About Me

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Husband, father, grandfather, friend...a few of the roles acquired in 62 years of living.  I keep an upbeat attitude, loving humor and the singular freedom of a perfect laugh.  I don't let curmudgeons ruin my day; that only gives them power over me.  Having experienced death once, I no longer fear it, although I am still frightened by the process of dying.  I love to write because it allows me the freedom to vent those complex feelings that bounce restlessly off the walls of my mind; and express the beauty that can only be found within the human heart.

Astronomy Picture of the Day

Sunday, January 31, 2010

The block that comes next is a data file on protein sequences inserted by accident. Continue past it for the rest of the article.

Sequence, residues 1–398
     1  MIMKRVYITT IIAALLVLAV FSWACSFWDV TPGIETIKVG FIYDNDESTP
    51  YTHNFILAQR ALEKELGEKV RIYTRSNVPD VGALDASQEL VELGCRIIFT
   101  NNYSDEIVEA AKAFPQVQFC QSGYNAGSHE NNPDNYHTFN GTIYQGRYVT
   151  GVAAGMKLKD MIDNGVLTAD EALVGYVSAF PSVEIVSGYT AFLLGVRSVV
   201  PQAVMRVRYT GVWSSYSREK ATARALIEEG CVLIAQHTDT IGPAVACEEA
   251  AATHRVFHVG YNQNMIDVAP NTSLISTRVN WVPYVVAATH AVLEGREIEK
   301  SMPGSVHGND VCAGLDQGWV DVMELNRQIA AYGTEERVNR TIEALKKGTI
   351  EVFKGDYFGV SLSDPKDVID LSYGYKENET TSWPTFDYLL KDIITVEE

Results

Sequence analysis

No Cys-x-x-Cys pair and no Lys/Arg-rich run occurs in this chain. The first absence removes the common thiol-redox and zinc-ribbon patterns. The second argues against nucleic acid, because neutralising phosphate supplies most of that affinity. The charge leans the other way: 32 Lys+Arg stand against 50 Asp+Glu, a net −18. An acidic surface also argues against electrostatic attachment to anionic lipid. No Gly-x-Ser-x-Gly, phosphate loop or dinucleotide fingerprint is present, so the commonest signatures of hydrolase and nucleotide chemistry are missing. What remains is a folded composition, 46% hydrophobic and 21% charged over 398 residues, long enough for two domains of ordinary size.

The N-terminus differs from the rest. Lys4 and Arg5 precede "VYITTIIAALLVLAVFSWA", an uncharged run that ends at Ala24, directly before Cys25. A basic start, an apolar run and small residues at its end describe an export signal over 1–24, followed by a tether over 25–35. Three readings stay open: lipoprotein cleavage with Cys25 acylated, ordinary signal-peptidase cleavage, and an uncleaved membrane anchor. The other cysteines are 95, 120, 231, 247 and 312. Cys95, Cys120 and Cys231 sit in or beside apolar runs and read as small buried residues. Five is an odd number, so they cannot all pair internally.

The Newest Good Old Days

"Book 'em, Danno!"
Publicity Still

Copyright © 2010 by Ralph Couey
Written content only


Every generation can identify something that defines them. It could be an event, or an historical benchmark, or the shift of a cultural paradigm that has shaped the environment in which they lived. The Civil War, The Gay ‘90s, The Roaring Twenties, The Great Depression, both World Wars, the Cold War, the list goes on and on.

The generation called the Baby Boomers occupies a unique niche in American cultural history. The Boomers bridged the gap from the post-war 1950’s, through the Space Age and civil rights movement of the 60’s, Viet Nam, and the explosion of the information age. But the one thing that has dominated our lives was the technological development of Television.

Our generation became the beneficiary of what I have come to call “The Instant Age.” For the first time, people had near-instantaneous access to events around the world. Images of coups in small, remote countries flowed to us as easily as did the local weather report. And as antennas gave way to cable and satellite, news became even more accessible. The knowledge about events around the world was just a remote click away.